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X-Ray Diffraction Click on the green arrow to return to the previous page
Information about the structure of materials can be determined from the scattering patterns produced when X-rays are diffracted by the regular crystal lattices within the materials and the analytical technique makes use of Bragg's law. X-ray diffraction data provides a means of identifying materials because the data is unique to a particular chemical structure. Different types of data can be generated depending on how the material is presented to the X-ray beam. Line spectra comprising a series of peaks is the most common form and the relative intensities of the peaks is characteristic for a given chemical structure as the data is collected over a range of diffraction angles (Equatorial scans). Orientation of the crystallites can also be determined by rotation of the material at a fixed diffracting angle (Azimuthal scans).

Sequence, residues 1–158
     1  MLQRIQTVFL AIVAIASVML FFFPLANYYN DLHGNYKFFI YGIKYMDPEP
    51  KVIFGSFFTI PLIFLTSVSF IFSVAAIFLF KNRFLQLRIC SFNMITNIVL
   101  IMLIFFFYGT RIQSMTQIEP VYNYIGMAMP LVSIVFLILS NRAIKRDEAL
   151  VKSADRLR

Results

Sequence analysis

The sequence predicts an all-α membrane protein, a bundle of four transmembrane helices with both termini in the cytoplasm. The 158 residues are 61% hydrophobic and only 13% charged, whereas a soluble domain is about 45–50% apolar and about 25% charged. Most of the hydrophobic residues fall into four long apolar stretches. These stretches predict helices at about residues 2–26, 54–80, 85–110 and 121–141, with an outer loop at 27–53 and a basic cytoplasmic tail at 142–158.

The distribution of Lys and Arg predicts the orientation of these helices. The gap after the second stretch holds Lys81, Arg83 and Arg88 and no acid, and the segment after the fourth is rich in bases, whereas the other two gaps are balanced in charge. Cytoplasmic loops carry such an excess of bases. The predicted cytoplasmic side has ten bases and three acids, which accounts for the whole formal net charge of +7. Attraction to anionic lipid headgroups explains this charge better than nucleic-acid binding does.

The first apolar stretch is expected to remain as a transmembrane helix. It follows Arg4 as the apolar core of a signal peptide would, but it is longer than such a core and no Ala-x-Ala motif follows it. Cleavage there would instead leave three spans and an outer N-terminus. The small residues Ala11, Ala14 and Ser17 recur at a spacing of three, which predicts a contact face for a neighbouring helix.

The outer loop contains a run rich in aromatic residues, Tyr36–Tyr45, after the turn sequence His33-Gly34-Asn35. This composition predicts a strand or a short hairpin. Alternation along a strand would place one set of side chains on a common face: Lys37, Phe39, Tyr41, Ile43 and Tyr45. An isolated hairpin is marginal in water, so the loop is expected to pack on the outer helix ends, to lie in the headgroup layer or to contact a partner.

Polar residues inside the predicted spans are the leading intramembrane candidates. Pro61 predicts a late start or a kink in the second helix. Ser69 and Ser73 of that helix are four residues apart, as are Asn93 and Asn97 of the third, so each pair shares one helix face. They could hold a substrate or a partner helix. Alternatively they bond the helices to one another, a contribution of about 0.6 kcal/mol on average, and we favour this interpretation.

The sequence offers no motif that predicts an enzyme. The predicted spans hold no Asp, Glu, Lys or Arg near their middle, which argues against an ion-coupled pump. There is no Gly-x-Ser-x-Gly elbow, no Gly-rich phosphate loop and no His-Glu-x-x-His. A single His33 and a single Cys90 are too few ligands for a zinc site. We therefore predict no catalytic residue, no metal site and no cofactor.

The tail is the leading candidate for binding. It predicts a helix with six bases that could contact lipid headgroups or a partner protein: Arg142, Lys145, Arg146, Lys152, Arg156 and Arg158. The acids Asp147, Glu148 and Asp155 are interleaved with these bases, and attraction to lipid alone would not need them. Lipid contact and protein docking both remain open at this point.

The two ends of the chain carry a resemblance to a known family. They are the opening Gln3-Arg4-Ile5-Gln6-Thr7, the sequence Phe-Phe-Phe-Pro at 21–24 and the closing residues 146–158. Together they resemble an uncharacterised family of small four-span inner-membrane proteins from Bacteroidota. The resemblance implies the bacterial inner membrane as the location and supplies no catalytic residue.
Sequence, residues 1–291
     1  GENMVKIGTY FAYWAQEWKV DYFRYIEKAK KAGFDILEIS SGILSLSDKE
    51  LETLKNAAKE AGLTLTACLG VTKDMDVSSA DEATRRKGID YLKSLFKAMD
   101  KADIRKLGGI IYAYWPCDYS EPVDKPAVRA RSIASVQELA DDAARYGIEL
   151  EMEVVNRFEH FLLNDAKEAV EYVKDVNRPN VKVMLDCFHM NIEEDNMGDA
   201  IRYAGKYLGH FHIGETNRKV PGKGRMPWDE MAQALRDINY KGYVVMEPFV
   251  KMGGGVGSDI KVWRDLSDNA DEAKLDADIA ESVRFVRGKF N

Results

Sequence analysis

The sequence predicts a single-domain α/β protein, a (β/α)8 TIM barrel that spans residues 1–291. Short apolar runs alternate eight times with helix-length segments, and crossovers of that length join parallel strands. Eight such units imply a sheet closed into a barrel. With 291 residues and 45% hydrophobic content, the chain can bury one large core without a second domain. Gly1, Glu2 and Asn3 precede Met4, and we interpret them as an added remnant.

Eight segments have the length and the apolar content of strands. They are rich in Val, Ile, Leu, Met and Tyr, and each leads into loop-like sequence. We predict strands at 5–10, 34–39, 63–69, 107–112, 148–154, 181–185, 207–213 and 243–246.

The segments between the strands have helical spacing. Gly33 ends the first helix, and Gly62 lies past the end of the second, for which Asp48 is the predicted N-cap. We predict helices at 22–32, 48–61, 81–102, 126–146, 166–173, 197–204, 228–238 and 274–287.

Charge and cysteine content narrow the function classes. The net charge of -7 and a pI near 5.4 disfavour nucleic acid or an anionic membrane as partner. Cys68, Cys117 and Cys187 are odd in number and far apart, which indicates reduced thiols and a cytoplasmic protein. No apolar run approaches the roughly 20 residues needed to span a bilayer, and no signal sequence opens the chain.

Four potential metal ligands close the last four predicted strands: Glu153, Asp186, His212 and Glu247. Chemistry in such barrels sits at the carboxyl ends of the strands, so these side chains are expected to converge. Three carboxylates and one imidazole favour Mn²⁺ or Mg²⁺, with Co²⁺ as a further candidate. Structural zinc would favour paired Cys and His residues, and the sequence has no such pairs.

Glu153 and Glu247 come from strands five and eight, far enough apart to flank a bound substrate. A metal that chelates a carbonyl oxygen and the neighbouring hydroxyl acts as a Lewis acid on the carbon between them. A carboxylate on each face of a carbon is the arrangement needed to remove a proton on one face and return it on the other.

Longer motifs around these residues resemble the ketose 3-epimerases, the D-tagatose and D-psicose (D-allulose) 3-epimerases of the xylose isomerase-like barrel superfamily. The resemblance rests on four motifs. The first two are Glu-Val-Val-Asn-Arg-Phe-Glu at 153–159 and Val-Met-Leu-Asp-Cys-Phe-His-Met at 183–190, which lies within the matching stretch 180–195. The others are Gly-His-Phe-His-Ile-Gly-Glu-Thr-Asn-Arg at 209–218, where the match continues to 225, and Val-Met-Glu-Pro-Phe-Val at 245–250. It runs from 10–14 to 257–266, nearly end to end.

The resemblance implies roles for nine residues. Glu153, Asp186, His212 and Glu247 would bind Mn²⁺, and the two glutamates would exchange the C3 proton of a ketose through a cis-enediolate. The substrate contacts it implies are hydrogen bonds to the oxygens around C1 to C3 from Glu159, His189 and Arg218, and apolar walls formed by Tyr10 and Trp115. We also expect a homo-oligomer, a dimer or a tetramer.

Instead of using an X-ray diffractometer to collect data,a different experimental arrangement allows images of the diffraction pattern to be recorded and the periodicities in the pattern and breadth and spacing of any arcs is again characteristic of the diffracting structure. Large crystallites give sharp intense diffraction peaks whereas tiny crystallites, common in many polymers, give very broad diffraction peaks so there is a reciprocal relationship between crystallite size and peak width. XRD is routinely used to identify minerals in geological samples and such samples defract X-rays efficiently and are not damaged by the X-rays. Polymers on the otherhand have structures which change over time because they are often comprised of very tiny crystallites of long chain molecules dispersed within an amorphous matrix. Over time the crystallinity can change in polymers and their properties also. Obtaining images of diffraction patterns requires long exposure times of many hours because the small crystallites diffract the X-rays very weakly. For some polymers there is a need to understand structural arrangements that develope as the material is formed from the melt or by wet spinning and this can only be acheived using a very intense source of high energy X-rays, such as is obtained in a sychrotron, where beams of electrons are accelerated to velocites very close to the speed of light and then allowed to hit a metal target. The rapid deceleration of the electrons produce exceptionally intense X-rays which can then be used to probe structures with patterns that develope in minutes that would otherwise take hours using commercial X-ray sources.